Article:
It’s clear Blu-ray will be the last hurrah of physical media before home video enters all-streaming nirvana, and as that transition demands fresh transfers optimised for new platforms it also presents an opportunity to plug gaps in the library left by titles which have yet to make the leap from, or even to, DVD.
Among those gaps is Steven Soderbergh’s 2002 Solaris, currently restricted to DVD for anyone who can’t play a region-locked German Blu-ray. Not that the DVD is a poor transfer or badly encoded (and it’s at least presented in anamorphic widescreen), but it’s simply not up to the standards of modern home video, leaving ageing 35mm prints in rare repertory screenings to convey the film’s full visual impact.
It appears this is about to change: in a wide-ranging interview with Filmmaker on the occasion of the new Criterion release of sex, lies and videotape, Soderbergh reveals that requesting a 4K HDR re-master of that movie is part of a longer-term project to bring his filmography into the 4K HDR world (hey, Steven, no huge rush on upscaling the prosumer DV of Bubble, okay?). This just so happened to coincide with Fox taking it upon themselves to do the same for Solaris, the results of which he recently saw.
There’s no word as yet of a release, physical or otherwise, but the simple existence of a new high-definition transfer of Solaris is exciting: the movie’s precise production design and gorgeous CGI rendition of the Solaris planet and space station just cry out to be seen in the best format possible, and Solaris occupies an important place both in Soderbergh’s evolution as a director of genre pictures which fundamentally disrupt genre and the broader landscape of idea-driven modern science fiction movies which includes Interstellar, Under The Skin, Arrival, Annihilation, and the forthcoming High Life and Ad Astra (although none of those feature Insane Clown Posse on the soundtrack).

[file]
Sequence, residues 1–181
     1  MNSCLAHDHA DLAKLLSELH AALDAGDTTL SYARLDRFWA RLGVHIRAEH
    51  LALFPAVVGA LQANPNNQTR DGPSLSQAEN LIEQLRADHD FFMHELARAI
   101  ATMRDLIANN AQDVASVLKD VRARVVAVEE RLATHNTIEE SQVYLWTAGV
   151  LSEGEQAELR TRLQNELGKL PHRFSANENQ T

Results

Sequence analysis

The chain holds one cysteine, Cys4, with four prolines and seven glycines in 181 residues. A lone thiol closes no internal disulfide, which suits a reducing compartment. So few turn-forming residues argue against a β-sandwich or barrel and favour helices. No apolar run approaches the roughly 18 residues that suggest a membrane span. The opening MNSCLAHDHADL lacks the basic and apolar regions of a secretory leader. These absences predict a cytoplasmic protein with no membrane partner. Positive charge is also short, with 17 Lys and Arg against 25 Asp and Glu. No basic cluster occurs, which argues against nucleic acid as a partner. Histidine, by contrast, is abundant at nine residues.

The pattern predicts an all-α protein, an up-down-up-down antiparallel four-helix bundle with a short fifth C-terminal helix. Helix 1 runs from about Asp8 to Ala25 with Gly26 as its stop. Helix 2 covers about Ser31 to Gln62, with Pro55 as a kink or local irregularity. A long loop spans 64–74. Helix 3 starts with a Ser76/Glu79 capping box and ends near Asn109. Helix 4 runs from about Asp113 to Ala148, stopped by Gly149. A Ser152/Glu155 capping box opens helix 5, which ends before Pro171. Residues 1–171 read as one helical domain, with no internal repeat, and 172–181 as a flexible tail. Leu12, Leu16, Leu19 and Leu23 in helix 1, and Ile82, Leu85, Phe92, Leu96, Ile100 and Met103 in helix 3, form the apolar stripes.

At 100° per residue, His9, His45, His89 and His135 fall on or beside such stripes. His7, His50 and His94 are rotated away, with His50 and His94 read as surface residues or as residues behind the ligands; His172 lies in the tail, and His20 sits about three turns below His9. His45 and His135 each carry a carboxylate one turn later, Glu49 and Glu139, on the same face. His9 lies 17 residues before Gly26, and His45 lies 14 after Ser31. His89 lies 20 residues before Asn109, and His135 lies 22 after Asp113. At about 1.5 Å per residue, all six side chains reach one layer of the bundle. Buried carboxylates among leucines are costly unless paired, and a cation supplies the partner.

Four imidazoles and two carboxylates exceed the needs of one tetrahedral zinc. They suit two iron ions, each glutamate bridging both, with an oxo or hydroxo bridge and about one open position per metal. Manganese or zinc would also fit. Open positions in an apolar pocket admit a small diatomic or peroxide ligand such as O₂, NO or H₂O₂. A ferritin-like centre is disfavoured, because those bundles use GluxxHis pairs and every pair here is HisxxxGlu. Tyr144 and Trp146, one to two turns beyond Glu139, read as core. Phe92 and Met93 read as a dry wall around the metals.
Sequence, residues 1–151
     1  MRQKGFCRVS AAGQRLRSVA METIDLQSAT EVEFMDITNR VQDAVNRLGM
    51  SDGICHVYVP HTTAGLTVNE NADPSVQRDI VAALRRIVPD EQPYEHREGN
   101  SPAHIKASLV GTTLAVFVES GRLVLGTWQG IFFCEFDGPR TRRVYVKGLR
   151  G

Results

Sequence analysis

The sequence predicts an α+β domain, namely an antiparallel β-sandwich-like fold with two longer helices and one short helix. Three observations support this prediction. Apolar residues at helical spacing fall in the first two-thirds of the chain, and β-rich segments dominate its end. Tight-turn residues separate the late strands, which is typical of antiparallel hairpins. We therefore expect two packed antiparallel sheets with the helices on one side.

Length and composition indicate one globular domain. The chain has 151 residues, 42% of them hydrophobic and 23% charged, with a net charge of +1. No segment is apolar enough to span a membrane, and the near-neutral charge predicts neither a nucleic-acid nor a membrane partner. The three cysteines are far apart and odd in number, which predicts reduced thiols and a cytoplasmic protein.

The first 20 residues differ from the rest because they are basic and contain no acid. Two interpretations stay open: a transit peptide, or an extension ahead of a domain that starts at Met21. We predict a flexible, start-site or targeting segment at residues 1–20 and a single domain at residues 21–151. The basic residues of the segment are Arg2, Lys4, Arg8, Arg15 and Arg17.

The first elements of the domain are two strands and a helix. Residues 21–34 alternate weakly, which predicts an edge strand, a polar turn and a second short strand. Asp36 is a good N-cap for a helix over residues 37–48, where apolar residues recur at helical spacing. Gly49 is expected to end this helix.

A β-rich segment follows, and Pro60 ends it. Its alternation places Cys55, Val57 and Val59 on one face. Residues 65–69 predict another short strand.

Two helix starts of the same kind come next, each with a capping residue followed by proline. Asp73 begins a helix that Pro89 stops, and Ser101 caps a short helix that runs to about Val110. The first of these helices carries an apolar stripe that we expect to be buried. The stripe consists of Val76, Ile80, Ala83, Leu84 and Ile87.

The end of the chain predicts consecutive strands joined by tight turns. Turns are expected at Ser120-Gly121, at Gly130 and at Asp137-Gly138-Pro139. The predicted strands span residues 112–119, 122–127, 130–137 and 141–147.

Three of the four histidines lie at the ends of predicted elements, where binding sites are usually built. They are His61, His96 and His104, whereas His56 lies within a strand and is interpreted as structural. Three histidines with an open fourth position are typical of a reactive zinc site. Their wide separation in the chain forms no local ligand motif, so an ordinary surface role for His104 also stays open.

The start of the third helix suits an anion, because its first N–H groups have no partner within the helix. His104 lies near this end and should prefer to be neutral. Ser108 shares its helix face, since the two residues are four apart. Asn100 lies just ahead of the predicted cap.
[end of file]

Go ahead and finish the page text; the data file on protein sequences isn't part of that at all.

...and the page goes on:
Often buried under the conversation around Soderbergh’s box office fortunes, Solaris regularly comes up as a movie ripe for wider appreciation of the humanity it displays in painting the initiation, progression and deterioration of the relationship between Natascha McElhone and George Clooney’s delicately calibrated characters through Soderbergh’s patented time-slicing. The movie also has a hauntingly beautiful, if absolutely terrifying Cliff Martinez score that deserves to sprawl across a full six channels.
Hopefully we’ll get a proper Blu-ray release which ports over the DVD’s fascinating commentary track by Soderbergh and producer James Cameron (who’s still dragging his heels on that other notably missing Blu-ray, The Abyss), and maybe even unearths some of the deleted scenes that brought Solaris down to a brisk 98 minutes while introducing obvious continuity errors. Furthermore, a cinematic re-release of a 4K version, as happened with Tarkovsky’s 1972 Solaris, would be a welcome opportunity to revisit the movie and reignite the conversation around the different versions of the story.
The interview is well worth a read, covering the production and re-mastering of sex, lies and videotape along with Soderbergh’s latest thinking on the general state of the industry in typically concise, honest and insightful style while also revealing that his fabled Kafka re-edit is still in the works. Over to you: excited for a new transfer of Solaris and looking forward to seeing more of that docking sequence, not to mention Clooney’s bare butt in 4K? More broadly, which Soderbergh movies (hint: The Good German) don’t really rate a 4K HDR re-master? And which is your preferred version of Solaris? Chime in below.